Ramatu Ahmed came to the U.S. as a refugee from Ghana in the 1990s, arriving with only the clothes on her back. “As a single black Muslim woman,” explained Smith, “she did so much work putting together programs for women’s literacy, setting up support networks, confronting domestic violence.” Ahmed is now the Executive Director for the African Life Center in the Bronx. As a leader in New York City’s Ghanaian community, she is passionate about promoting the need for higher education for girls and adult women.

Ahed Festuk, an asylum seeker from Syria, lived in war-torn Aleppo for five years, confronting abuses of the regime, having brushes with Al Qaeda, serving as a medic, and operating a truck distribution system to deliver food and supplies in areas devastated by combat. She currently works for the Multi-Faith Alliance for Syrian Refugees in New York City. A consultant to the State Department, she has spoken at the United Nations on issues including women’s rights.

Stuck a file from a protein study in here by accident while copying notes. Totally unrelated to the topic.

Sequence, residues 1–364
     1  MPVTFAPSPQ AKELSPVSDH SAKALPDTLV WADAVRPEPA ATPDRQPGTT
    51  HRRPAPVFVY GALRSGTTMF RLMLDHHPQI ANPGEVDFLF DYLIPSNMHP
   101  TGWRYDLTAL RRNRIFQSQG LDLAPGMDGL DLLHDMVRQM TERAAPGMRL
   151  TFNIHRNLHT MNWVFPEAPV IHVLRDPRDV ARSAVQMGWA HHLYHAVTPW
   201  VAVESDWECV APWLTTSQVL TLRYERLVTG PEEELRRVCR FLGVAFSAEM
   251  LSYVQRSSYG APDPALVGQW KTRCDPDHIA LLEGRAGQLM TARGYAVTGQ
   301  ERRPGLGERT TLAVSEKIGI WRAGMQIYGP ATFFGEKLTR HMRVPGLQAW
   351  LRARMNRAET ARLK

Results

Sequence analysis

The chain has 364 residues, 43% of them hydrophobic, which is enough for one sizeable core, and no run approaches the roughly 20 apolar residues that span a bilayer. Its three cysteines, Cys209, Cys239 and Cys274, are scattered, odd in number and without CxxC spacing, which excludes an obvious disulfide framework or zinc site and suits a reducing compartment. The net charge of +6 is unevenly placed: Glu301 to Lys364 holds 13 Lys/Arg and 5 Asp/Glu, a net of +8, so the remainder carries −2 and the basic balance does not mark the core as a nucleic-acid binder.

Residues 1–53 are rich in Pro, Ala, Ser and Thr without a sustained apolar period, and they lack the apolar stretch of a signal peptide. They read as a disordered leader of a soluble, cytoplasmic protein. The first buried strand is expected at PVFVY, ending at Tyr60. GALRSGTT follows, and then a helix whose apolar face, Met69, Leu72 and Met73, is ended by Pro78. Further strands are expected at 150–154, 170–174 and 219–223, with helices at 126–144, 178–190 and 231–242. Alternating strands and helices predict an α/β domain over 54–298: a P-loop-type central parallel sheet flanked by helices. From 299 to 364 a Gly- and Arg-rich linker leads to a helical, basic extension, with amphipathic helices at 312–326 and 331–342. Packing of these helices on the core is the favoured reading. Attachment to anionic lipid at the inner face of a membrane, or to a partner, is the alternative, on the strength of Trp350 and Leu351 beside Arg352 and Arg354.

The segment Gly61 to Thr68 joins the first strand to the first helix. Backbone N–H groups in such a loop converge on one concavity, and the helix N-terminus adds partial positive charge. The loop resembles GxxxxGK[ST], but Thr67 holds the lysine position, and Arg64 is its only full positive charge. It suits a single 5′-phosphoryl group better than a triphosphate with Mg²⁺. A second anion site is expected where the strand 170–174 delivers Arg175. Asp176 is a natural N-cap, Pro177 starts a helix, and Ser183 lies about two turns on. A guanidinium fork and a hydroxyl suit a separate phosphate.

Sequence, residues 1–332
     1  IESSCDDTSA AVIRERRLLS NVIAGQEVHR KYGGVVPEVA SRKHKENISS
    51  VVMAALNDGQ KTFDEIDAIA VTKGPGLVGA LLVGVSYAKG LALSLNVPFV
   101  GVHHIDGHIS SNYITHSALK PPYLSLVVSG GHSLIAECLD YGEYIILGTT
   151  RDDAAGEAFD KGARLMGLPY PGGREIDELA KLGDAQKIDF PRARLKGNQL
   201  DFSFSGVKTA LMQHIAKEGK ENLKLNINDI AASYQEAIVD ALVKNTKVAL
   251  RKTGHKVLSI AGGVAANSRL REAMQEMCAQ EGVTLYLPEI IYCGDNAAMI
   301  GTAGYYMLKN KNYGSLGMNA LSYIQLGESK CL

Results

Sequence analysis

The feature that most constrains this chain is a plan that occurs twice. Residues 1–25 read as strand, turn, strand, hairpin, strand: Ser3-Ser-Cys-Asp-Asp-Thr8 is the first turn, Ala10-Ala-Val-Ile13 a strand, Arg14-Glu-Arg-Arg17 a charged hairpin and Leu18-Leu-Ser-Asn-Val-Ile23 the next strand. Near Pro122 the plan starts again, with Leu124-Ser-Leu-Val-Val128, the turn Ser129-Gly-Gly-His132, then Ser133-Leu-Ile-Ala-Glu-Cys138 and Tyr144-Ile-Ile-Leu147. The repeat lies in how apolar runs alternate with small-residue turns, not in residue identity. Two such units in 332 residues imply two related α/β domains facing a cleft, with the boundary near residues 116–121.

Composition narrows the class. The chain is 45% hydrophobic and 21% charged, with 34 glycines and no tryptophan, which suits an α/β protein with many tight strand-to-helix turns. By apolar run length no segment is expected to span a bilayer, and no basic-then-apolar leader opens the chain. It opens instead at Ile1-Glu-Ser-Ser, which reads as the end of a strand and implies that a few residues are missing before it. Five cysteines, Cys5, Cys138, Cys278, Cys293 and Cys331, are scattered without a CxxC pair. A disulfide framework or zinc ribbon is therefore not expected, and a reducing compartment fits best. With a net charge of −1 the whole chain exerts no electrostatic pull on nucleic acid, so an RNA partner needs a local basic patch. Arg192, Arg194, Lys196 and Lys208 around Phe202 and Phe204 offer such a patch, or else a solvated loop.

Jabin Ahmed is a young Bengali woman who grew up in the Hudson Valley and speaks vividly about the challenges she has faced from Islamophobia while growing up in the post-911 world. She has also struggled within her own community while trying to push back and educate against sexism, with people who are more rigid in the application of their faith. Now based in Hudson, she is a writer, artist, activist, and creator who uses her life experiences as a brown Muslim, second-generation American woman, to create change through media and movements.